News on Three Continents

“What do you know Paprika Parrot, we’re back on our blog. I almost feel like I need to reintroduce you, my pretend pet, sitting up there on top of our blog page.”

“It’s good to be back. I’ve been pecking at you, screeching at you, and even nibbling your books, but you were too absorbed to even lift your head.”


“I know Paprika. I’ve been buried in my research and writing project. Poor Suzie has felt much like you, I think. She sits by the patio door and screeches at the birds. Yes this is her.”

“I’m getting tired of hearing the word research? What’s that about?”

“It’s discovering what life  was like in the time-frame of my book. Your Dad and I feel it should be as historically accurate as possible, which isn’t easy since the events took place so long ago. I’ve  had to sort through sources and account that often don’t agree. Many days I almost give up.”


“But doesn’t Dad know all about that? He’s an old history professor.”

“Your Dad taught American history. That’s a whole different area and era.”

“Oh, I see. I forget now, what’s this book about?”

“It’s book two of my ancient trilogy that is set in Alexandria, Egypt in the time following Alexander’s conquests and the beginning of the Greek Empire, and it’s about all the hassle that went on when the Bible was being translated into Greek.

“What’s the title?’

“Andreas of Alexandria.”

“So first you wrote about some character from Babylon, and now it’s Alexandria. Where will it be next?”

“Rome of course, but that’s down the road aways.”

“Why these three places?”

“They’re three cities of ancient times that represent the three major Empires of history: Babylon, Greece and Rome. These cities also mark the time when the Bible exploded into the world through its first three translations: Aramaic, Greek and Latin.”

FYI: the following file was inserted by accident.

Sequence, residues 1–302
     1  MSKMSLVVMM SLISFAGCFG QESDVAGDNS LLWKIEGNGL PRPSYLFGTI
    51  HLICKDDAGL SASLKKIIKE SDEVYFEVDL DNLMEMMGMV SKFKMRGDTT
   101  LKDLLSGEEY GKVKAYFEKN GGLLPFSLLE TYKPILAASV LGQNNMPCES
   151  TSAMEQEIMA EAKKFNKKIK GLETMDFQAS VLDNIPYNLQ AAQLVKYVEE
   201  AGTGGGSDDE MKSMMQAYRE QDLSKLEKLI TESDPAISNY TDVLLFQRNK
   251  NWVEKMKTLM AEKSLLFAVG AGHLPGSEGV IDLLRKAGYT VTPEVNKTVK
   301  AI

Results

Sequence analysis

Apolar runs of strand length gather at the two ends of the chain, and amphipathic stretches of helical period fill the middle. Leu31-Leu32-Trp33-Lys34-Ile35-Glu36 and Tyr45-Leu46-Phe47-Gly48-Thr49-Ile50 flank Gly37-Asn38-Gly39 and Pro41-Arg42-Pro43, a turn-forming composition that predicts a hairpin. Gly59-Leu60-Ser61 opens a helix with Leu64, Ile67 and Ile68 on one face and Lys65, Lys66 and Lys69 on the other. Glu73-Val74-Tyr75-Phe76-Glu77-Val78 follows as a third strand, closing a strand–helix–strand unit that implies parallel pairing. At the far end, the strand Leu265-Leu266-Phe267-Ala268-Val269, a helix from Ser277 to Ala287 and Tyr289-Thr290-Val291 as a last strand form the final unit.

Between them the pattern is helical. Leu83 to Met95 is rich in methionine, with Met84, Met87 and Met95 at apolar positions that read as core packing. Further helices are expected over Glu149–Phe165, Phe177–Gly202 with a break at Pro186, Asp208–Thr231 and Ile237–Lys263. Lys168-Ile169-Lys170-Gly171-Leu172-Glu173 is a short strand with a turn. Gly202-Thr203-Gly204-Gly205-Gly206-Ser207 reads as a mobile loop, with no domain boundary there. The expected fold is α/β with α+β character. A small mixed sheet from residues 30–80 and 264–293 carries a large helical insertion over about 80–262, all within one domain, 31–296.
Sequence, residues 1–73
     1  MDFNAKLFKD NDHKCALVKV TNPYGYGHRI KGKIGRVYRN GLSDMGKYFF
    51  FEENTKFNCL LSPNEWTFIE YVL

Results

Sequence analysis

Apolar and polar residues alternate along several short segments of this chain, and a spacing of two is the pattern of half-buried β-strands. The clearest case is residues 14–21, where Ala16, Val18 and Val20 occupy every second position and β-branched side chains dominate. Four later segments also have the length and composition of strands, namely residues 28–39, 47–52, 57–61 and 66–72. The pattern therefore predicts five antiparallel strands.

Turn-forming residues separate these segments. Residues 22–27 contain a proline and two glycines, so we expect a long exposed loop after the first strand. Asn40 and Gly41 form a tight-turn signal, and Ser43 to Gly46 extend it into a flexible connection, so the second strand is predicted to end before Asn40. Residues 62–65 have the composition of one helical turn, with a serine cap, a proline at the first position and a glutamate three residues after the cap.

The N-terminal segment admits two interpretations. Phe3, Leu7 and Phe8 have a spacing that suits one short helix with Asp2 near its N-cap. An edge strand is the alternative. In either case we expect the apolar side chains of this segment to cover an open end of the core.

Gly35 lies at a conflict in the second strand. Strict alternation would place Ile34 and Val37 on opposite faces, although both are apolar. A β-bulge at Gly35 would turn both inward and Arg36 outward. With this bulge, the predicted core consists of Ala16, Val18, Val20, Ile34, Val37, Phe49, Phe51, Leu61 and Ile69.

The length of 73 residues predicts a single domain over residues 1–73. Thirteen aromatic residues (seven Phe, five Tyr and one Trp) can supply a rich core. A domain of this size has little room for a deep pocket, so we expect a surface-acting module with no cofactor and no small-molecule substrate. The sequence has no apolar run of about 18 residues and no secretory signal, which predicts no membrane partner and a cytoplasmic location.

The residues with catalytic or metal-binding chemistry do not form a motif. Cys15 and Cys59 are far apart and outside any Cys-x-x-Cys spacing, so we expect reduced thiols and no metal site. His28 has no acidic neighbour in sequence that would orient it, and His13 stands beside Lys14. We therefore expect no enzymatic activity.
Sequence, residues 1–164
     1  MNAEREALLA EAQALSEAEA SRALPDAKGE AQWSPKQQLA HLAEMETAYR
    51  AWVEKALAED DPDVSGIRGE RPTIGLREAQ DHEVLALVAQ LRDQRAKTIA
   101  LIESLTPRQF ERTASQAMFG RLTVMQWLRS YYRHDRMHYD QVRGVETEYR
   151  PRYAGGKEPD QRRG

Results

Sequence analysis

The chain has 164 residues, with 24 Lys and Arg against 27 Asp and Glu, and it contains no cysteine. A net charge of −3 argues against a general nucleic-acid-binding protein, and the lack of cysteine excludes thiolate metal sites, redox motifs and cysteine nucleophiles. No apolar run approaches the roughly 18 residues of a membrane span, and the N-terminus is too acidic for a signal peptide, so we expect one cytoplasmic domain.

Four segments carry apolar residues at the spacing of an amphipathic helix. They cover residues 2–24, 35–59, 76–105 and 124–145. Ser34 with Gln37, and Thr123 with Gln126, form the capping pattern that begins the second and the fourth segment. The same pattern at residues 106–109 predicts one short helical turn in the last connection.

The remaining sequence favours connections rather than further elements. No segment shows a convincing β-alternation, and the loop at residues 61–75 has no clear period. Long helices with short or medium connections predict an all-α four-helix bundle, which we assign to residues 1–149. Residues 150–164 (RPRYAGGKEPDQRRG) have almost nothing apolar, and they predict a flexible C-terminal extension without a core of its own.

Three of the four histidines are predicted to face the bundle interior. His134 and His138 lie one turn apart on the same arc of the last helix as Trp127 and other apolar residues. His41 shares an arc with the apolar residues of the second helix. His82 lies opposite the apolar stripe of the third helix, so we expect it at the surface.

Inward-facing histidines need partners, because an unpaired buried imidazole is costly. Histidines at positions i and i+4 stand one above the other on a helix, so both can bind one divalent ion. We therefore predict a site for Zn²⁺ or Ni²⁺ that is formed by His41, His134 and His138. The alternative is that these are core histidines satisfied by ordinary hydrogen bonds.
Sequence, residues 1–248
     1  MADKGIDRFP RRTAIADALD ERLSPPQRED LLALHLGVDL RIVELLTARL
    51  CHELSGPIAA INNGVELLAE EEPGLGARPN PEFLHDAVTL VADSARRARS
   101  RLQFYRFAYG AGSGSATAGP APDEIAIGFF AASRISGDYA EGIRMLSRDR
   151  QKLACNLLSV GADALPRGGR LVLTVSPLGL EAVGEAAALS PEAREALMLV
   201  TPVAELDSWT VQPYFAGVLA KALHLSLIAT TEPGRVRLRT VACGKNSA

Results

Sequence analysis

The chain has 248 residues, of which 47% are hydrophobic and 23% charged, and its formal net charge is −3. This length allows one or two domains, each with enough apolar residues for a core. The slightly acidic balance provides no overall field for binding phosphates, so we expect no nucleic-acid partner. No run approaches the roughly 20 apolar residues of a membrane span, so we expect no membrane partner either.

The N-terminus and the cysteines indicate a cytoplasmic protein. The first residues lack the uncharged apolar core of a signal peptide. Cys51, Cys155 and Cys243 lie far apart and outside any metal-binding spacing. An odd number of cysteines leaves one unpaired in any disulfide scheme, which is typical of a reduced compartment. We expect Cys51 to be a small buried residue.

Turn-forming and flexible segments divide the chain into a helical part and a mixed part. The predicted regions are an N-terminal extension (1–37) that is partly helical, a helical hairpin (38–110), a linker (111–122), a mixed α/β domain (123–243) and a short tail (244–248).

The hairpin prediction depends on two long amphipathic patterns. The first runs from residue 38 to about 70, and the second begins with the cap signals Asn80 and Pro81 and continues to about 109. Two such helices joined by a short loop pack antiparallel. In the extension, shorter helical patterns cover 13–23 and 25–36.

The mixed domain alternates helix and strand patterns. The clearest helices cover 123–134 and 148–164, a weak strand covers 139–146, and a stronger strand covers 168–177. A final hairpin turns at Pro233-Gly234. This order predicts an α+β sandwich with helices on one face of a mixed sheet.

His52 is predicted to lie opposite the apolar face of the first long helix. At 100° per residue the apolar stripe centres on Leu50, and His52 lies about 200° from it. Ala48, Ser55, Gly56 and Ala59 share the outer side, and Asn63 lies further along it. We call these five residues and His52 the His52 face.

“So are you about finished with, “Andreas of Alexandria?”

“I’m afraid not. But I decided to pull my eyes off the project today to connect with the  friends who drop by our site.”

“I like the way you say ours. That makes me feel important. Woopee!”

“Will you please quit flapping your wings in my face? That’s very rude.”

“Sorry Mom,”

“I’ll try to let you carry on. Meanwhile I hear some exciting things are about to happen in Congo where we both came from?”

“You’re right and we need to tell folks about that too.”

“So what’s going on?”

DSC_0039 - Version 2“You know very well that my brother Clement, or “Bud” as we call him, is leaving very soon for the Democratic Republic of Congo, and that a big recovered military truck has been purchased, thanks to God’s gracious providence and provision. This truck was shipped off last week, and scheduled to arrive at Boma, the sea port on the Congo River, the 10th of next month.”

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“That’s amazing! Now he won’t  have to hire someone to drive him on those awful roads where they keep getting stuck or breaking down, or having to squeeze into an over-crowded bus. Last trip he had to almost sit on top of the driver. That was funny.”

“Not funny, uncomfortable would be a better word.”

“True. Many of the roads are as bad as they were when you lived there.”

“Actually worse because of the wars, and poor maintenance of both roads and vehicles. Thankfully, one main highway is being built that goes within 6 kms of Matende station where all this activity is going on.”

“The truck looks like it’s big enough to handle even these roads.”